LONDON (AP) _ Robert B. Tuckman, who covered the Vietnam and Korean wars in a career with The Associated Press that spanned four decades, has died. He was 85.

Tuckman was diagnosed with a brain tumor and liver cancer several weeks ago. He died in London on Sunday night, his family said.

He directed coverage of the Tet offensive that shattered official U.S. claims that the Vietnam war was being won. When Tet brought the fighting to Saigon's streets in January 1968, Tuckman ran the bureau virtually around the clock, even running errands such as picking up military rations for the staff.

``Tuck,'' as he was known, spent 2 1/2 years in Vietnam, and was the AP's chief correspondent there in 1967-68, applying skills he had learned as the AP's field director in Korea from 1951-53.

Tall, bald and with a friendly manner, Tuckman laced his speech with erudite humor and quaint expressions, such as calling reports of fighting ``advices from the field.''

He also was a consummate news agency journalist _ fast, thorough and resourceful.

Longtime friend George McArthur, also a war correspondent in Korea and Vietnam, recalled how Tuckman solved a problem faced by every wire service reporter _ what to put in the second paragraph after the ``bulletin'' lead covered everything immediately known on a major breaking story.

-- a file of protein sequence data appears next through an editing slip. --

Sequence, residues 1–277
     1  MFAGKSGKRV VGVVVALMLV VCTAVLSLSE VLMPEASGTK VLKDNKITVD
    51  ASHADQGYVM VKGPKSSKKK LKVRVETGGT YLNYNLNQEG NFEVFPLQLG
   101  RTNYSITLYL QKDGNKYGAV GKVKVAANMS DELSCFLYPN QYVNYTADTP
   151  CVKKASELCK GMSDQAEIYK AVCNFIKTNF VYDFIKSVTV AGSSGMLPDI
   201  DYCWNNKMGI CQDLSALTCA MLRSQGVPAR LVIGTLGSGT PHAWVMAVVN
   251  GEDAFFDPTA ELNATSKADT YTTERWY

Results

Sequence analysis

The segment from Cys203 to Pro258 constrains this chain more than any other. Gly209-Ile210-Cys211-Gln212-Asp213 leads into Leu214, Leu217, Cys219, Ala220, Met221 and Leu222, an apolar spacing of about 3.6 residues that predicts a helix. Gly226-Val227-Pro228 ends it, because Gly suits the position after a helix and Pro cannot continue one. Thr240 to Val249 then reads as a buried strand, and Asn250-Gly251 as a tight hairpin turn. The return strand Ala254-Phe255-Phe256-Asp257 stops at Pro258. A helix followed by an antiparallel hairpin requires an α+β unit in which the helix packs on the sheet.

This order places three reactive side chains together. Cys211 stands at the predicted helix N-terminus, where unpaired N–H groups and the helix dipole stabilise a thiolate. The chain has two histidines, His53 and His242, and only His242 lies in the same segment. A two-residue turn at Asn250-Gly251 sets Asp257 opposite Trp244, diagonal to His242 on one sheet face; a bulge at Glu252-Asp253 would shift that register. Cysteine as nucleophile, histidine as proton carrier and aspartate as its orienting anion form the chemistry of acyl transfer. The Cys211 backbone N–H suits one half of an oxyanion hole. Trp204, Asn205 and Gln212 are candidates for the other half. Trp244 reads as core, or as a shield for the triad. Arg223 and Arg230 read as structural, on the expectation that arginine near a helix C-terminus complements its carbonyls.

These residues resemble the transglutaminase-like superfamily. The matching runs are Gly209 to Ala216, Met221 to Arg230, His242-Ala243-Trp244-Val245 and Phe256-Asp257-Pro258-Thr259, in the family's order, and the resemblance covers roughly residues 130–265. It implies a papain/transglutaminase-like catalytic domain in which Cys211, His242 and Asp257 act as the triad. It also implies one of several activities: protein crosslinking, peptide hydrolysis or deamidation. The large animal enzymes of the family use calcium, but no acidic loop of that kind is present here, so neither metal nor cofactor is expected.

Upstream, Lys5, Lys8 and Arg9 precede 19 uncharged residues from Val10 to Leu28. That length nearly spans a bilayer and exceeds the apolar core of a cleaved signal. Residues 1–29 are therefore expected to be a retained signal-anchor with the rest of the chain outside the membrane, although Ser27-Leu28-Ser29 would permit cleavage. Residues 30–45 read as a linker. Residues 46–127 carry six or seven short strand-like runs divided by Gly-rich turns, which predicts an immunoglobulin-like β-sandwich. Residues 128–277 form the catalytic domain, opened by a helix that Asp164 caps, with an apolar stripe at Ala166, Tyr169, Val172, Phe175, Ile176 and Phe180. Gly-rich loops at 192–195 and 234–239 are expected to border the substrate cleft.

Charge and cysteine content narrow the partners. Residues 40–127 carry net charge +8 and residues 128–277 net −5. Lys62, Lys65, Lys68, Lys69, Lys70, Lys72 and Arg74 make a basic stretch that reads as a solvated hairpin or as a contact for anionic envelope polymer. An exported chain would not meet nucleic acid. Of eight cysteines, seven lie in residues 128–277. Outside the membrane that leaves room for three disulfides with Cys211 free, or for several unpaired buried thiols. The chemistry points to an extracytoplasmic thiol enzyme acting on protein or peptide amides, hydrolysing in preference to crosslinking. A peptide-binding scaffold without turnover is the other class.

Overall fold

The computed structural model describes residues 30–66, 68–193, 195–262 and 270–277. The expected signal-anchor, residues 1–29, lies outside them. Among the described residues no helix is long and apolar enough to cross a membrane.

``If the bulletin was all about shot and shell, Tuck would put in a second graf saying something like, `Senior officers at 8th army headquarters made no attempt to disguise their dismay','' McArthur said.

Tuckman was born March 5, 1913, in New York. He earned a journalism degree at New York University and worked on newspapers in Saranac Lake, N.Y., and Rutland, Vt., before joining the AP in 1940.

He worked in Albany and Syracuse before taking military leave in 1942 to serve as a Marine captain in the Pacific during World War II.

Rejoining the AP in 1945, Tuckman spent the next two decades reporting from Albany N.Y., Los Angeles, Tokyo, Seoul, South Korea and Berlin; later as bureau chief in Nicosia for Cyprus and Israel and in Honolulu; and in Hong Kong and London, as news editor, before he moved to Saigon.

He retired to the Seychelles Islands in 1969, but soon tired of the slow pace of life and returned to London.

He came out of retirement from time to time during the 1970s to serve as acting London news editor when vacancies occurred.

Tuckman is survived by his wife, Ann, who said he will cremated privately.